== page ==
Review by Choice Review
This marvelous first book from the Irish Discovery Programme's Medieval Rural Settlement Project is filled with informative maps and striking photographs. Marlow (history, Carlow College-Ireland) and archaeologist Potterton, both associated with the Discovery Programme, successfully synthesize existing archaeological and documentary findings, rather than break new ground. Anyone wishing to learn about the hinterland around Dublin from 1170 to 1600 should begin with this work. There are sections on land ownership, fortifications, manors, church buildings, agriculture, woodlands, water resources, mills, metals, pottery trade, and much more. The area, which includes all of Dublin County and large parts of Kildare, Meath, and Wicklow, boasted almost 300 churches and chapels, most with a nearby manor utilizing the area's fine soil. Welsh and English peasants flooded in, but ancient boundaries and parishes endured. Thirteenth-century boom times saw Dublin area oak exported to build Salisbury Cathedral, but dire times followed in the 14th century. It is hard to quibble with this book's feast of information and insight, but archaeological artifacts and local history do seem somewhat underrepresented. More surprisingly, this mammoth study lacks an index of subjects. Summing Up: Highly recommended. Scholars and researchers. E. J. Kealey College of the Holy Cross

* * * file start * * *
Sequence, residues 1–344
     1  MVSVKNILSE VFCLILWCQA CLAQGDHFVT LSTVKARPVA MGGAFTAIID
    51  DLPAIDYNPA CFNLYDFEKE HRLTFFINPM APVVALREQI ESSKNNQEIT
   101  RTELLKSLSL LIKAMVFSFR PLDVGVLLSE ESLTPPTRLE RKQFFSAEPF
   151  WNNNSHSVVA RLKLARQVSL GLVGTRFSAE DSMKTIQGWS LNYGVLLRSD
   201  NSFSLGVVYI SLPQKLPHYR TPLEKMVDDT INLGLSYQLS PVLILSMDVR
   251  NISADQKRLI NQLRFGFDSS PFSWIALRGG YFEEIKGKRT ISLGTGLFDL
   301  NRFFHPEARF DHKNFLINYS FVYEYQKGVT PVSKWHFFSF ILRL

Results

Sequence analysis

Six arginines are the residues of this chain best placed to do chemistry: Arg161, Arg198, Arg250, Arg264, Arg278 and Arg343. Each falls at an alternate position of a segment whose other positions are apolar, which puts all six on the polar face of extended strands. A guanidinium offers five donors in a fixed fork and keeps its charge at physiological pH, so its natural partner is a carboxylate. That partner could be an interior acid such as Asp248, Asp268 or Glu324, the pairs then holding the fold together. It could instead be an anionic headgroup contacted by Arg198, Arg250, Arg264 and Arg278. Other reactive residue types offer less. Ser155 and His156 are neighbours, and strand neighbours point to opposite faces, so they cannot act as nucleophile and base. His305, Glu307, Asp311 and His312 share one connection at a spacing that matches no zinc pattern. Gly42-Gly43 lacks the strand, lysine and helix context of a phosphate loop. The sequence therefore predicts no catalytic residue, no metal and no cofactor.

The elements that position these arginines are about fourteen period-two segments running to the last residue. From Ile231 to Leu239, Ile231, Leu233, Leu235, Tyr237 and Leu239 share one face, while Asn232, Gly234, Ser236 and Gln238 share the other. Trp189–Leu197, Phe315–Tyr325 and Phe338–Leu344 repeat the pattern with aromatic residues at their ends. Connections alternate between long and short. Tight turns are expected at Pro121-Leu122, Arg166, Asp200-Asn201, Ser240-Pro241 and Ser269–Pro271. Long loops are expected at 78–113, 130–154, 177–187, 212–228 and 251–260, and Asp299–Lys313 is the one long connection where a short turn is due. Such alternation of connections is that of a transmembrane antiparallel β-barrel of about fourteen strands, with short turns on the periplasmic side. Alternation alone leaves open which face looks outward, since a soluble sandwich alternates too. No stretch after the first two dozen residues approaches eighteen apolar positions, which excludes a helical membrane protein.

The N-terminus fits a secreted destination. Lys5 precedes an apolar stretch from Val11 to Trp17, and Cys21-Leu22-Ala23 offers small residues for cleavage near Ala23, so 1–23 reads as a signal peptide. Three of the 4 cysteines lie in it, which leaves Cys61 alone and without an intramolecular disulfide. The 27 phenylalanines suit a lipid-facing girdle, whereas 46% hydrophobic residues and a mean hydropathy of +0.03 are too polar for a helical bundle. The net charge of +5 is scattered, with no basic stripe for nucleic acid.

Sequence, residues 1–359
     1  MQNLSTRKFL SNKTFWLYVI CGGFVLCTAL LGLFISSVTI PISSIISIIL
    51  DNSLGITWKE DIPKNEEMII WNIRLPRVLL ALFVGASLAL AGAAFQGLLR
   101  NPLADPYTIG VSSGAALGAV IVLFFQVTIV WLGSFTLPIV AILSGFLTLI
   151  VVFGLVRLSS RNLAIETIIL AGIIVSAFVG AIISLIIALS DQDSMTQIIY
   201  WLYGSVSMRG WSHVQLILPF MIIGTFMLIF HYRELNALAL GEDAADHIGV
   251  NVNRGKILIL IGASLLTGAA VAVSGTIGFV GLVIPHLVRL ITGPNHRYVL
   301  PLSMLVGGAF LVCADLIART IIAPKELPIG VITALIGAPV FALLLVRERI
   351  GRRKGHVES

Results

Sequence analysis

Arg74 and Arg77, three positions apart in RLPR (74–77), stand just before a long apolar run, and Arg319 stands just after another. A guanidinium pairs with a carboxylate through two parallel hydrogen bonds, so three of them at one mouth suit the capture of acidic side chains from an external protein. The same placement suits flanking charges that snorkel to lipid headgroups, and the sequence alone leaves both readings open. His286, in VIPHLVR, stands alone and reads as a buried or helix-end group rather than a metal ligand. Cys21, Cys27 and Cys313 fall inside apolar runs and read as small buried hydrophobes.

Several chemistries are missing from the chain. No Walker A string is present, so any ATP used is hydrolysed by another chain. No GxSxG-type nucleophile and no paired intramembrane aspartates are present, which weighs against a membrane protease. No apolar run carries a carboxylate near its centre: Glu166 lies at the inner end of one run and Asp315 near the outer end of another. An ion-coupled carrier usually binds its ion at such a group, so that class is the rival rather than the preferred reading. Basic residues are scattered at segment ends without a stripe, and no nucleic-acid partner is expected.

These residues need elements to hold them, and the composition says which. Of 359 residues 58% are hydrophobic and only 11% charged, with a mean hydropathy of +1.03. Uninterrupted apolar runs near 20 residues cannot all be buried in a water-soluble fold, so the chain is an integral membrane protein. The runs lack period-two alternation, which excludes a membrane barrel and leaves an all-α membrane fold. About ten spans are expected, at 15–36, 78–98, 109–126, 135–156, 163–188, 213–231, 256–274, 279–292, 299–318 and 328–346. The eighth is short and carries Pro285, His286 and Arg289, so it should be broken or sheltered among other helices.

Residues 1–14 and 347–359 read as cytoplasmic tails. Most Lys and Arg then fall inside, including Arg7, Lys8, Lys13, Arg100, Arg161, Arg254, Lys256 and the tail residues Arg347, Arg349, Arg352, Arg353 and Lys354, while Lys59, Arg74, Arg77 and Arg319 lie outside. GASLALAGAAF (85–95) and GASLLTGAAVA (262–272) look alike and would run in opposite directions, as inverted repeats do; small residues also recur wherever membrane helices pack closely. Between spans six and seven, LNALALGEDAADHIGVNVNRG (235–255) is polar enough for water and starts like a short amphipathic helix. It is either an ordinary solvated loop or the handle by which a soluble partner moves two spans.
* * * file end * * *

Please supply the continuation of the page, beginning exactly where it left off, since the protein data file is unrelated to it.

Copyright American Library Association, used with permission.